Comparative Advertisements

trademark

Recently, German skincare brand Sebamed made headlines with their advertisements comparing its soap with other products in the market, like Dove, Lux and Pears and even a detergent bar, Rin by clearly naming them and comparing them in terms of their pH value. According to the advertisements, the pH level of Sebamed is ideal (i.e., 5.5), while the other body soaps had a higher pH (i.e., 7) which is equal to that of Rin and thus, harsh on sensitive skin.[1] This is not the first time that brands have resorted to blatantly compare their products with that of their competitors. However, comparative advertisements tread on a thin line between promoting one’s own products by comparing its superior quality and disparaging their competitors’ products. The latter should be avoided by brands at all costs, as gimmicks like these can put them at risk of legal complications under the Trademarks Act, 1999.

Trademarks fulfill the functions of source identifying and quality assurance of any brand. If comparative advertisements border on disparagement, it damages the distinctiveness of the competitor’s trademark and may cause its dilution.[2] To protect the intellectual property of trademark owners from such advertisements, Section 29(8) was included in the Act, which states that a registered trademark is infringed upon by an advertisement if such advertising[3]

  1. takes unfair advantage of and is contrary to honest practices in industrial or commercial matters or
  2. is detrimental to its distinctive character; or
  3. is against the reputation of the trade mark.
  4. At the same time, the Act also permits comparative advertising if the use of trademark, under the provisions of Section 30(1)[4]

  5. is in accordance with honest practices in industrial or commercial matters, and
  6. is not such as to take unfair advantage of or be detrimental to the distinctive character or repute of the trade mark.

It is notable that what constitutes ‘honest practices’ in any industry has not been defined under the Act, and is left to the interpretation of the Courts.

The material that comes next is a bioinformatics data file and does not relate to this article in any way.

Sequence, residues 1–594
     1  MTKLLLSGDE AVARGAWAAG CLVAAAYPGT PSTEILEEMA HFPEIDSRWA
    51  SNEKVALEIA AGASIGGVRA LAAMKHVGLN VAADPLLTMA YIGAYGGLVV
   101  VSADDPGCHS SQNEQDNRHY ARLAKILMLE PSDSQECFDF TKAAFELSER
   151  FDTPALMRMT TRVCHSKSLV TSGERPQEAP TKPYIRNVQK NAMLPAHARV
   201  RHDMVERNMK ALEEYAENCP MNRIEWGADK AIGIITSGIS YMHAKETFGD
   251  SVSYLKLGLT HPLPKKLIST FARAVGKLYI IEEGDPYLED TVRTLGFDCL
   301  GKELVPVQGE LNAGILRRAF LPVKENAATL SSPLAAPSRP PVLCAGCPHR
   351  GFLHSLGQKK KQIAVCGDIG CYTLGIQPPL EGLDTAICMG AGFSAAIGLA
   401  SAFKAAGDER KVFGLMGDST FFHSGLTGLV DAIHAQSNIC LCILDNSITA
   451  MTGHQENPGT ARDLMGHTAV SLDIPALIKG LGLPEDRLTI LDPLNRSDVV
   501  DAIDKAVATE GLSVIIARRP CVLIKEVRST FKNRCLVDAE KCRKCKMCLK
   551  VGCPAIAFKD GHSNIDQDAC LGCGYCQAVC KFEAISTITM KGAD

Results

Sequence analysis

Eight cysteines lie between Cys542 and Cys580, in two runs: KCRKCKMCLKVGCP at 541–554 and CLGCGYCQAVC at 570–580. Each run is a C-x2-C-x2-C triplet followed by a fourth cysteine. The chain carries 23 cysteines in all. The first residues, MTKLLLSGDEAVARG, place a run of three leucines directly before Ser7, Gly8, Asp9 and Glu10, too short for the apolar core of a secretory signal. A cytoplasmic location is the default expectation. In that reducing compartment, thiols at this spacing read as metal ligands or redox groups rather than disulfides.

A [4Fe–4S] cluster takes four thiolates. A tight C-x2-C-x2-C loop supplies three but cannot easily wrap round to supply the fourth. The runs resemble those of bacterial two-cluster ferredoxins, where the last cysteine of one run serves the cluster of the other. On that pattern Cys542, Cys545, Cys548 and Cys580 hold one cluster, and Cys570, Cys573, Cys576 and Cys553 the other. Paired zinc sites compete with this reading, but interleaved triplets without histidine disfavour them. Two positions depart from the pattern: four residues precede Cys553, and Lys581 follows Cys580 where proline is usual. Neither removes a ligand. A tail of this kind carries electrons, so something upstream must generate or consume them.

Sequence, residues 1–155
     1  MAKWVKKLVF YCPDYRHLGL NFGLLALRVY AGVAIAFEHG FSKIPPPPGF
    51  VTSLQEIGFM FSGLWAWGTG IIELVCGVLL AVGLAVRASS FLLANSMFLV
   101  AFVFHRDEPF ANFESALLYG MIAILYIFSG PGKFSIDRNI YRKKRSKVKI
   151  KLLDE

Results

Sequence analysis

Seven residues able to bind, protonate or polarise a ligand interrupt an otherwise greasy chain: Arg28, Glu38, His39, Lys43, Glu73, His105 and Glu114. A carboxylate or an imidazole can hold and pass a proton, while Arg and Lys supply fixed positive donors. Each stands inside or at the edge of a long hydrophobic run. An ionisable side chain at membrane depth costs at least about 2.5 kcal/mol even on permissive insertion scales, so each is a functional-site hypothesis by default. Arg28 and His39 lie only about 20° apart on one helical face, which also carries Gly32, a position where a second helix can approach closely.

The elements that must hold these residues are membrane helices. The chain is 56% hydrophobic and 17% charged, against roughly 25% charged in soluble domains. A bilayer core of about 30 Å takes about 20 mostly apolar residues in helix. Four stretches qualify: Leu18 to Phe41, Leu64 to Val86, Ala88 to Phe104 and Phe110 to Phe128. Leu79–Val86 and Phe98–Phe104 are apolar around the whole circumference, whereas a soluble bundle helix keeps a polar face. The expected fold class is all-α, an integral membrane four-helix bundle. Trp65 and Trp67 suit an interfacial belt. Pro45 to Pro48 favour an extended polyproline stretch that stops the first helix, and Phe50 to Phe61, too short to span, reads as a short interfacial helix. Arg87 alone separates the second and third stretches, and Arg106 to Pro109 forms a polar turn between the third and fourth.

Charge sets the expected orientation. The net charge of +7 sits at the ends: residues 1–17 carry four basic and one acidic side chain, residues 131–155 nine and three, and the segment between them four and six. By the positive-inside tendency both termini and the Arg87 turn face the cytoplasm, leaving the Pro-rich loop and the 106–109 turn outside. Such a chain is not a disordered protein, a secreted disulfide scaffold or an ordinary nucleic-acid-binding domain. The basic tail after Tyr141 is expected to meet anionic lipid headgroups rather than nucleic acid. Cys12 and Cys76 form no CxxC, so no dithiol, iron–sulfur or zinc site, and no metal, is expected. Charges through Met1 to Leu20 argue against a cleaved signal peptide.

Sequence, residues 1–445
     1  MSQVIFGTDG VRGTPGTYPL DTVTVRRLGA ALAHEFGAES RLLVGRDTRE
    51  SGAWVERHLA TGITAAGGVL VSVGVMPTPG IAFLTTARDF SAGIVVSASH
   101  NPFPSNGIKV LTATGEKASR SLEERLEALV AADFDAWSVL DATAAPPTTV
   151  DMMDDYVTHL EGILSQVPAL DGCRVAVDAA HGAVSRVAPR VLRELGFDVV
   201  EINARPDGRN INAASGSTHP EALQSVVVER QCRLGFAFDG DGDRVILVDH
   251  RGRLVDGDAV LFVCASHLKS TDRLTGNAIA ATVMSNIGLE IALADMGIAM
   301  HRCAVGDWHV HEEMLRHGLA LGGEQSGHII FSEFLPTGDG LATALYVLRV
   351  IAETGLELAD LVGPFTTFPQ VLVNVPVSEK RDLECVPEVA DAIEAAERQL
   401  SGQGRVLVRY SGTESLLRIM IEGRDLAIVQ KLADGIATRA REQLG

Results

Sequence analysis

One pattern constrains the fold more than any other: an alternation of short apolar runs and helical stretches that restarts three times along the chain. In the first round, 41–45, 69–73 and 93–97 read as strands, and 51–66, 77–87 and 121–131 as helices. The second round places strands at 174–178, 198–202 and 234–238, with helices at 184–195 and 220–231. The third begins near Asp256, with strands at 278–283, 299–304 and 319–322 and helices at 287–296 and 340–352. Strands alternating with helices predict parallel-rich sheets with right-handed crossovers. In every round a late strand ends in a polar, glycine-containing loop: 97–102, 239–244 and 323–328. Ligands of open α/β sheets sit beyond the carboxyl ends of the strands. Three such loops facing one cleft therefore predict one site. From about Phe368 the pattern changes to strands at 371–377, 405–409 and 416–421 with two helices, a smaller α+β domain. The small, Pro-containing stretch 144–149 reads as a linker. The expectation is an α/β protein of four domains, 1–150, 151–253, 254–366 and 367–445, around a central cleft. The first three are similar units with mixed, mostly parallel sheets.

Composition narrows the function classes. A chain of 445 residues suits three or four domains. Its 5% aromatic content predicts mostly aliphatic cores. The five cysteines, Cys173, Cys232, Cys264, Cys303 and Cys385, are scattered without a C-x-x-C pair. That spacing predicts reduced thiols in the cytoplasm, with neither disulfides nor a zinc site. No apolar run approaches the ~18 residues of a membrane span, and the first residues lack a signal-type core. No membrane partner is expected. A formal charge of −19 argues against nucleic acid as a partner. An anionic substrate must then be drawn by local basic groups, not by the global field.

At the beginning of the pandemic, a Dettol handwash advertisement was also involved in a comparative advertising campaign where it showed a bar soap, similar to Lifebuoy soap in terms of shape and color, and stated that bar soaps are inferior in effectiveness for handwashing.[5] The Bombay High Court held the Dettol advertisement to be disparaging the Lifebuoy Soap by indicating that a soap similar to it is ineffective in the time of a pandemic and does not remove any germs.[6] This raises the question, what kind of comparisons are allowed under the Indian law for brands while promoting the sales of their own product?In Pepsi Co Inc. & Ors. v. Hindustan Coca Cola Ltd., the Court laid down the following tests for checking whether there is disparagement or not:

  1. Intention of the commercial
  2. Manner of the commercial
  3. Storyline of the commercial and message sought to be conveyed by the commercial.[7]

If any of these elements are showcased in a way that denigrates or ridicules a competitor’s product or service, then it would be held as disparagement. Another significant rule in this subject was established in Godrej Sara Lee Ltd. v Reckitt Benckiser (I) Ltd, where it was held that brands can compare their product with other products in the market in relation to its technological superiority and showing how their product is better and more efficient would not amount to undermining the competing brands in any way.[8]